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September 1941


Arch NeurPsych. 1941;46(3):464-470. doi:10.1001/archneurpsyc.1941.02280210090007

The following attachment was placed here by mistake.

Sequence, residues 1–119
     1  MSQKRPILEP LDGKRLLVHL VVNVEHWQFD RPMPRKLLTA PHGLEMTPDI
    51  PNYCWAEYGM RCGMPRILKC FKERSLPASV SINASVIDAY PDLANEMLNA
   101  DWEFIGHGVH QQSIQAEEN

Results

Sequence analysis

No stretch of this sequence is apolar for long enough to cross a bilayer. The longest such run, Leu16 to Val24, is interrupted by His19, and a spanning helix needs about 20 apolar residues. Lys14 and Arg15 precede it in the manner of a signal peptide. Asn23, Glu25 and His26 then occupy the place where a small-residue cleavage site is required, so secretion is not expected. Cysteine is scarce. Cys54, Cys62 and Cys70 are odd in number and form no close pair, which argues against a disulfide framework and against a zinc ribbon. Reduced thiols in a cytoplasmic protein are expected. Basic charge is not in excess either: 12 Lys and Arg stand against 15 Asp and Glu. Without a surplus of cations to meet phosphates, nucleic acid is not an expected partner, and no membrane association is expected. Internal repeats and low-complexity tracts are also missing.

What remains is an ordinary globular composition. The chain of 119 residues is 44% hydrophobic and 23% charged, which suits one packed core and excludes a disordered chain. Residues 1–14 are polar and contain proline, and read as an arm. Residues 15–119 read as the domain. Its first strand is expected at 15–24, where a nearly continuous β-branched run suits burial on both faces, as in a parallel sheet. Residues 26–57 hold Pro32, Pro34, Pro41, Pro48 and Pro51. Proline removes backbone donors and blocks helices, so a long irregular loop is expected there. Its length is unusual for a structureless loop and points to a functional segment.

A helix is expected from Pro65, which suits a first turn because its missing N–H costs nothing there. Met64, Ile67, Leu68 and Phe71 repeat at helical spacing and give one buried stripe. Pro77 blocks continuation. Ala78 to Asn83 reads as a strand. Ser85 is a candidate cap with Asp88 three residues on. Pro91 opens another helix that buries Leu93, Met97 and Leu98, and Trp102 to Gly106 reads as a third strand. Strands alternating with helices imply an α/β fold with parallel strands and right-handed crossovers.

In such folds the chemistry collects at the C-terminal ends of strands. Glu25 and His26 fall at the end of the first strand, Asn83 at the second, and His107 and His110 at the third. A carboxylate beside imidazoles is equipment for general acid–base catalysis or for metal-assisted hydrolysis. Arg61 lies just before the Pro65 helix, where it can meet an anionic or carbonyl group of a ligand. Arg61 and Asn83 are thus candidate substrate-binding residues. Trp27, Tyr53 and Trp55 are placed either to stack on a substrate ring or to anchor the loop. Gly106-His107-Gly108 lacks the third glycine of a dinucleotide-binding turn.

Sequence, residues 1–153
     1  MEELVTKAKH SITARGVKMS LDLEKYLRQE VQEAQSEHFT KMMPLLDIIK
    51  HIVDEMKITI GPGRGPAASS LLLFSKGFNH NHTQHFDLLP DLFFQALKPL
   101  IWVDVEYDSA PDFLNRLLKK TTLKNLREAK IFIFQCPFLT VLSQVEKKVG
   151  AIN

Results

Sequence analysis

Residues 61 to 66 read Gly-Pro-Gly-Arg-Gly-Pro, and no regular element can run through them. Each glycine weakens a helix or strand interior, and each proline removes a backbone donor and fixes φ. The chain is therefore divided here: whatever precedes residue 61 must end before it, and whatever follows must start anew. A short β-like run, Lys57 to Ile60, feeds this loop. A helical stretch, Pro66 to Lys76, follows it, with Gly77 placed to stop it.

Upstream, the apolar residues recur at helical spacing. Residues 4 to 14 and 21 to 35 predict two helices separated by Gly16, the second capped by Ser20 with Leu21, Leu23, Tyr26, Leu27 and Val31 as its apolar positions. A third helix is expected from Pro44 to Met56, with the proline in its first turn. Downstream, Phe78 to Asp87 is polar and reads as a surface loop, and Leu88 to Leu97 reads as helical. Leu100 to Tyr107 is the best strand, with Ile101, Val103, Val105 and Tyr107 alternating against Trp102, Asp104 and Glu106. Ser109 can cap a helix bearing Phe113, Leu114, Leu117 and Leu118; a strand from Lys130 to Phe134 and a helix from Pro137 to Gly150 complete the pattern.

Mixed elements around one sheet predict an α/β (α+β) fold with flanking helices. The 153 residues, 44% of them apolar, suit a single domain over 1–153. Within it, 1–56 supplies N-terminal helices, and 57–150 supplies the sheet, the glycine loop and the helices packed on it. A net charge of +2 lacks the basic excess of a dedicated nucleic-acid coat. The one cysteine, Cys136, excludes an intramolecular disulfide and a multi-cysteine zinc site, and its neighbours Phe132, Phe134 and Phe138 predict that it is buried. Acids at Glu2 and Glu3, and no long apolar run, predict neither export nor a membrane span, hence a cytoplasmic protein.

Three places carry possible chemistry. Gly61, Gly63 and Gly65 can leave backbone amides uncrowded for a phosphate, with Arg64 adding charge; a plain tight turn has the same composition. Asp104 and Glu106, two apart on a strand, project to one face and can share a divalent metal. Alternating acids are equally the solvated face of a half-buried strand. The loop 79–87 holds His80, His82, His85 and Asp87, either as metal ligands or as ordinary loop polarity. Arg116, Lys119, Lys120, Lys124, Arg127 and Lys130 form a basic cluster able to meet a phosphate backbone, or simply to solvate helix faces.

It is possible to reproduce the picture of peripheral neuropathy by temporarily interrupting the blood supply to an extremity.1 Sensory dissociation is a characteristic feature of both ischemic neuropathy and the peripheral neuropathy complicating alcoholism and other conditions associated with disturbed nutrition.2 Light touch, position and vibration senses are affected earlier and more severely, while pain sense appears to be relatively well preserved. Painful stimuli may, however, result in extremely unpleasant sensations. Such a sensation is best elicited by scraping the sole of the foot with an object such as a key, as in testing for the Babinski sign, and is experienced as "cutting" or "burning." This is an extremely unpleasant sensation, which in no way resembles tickling. Furthermore, this phenomenon does not occur in normal persons, and is invariably associated with defective sensation. For this reason, we have chosen to call it plantar dysesthesia, rather than hyperalgesia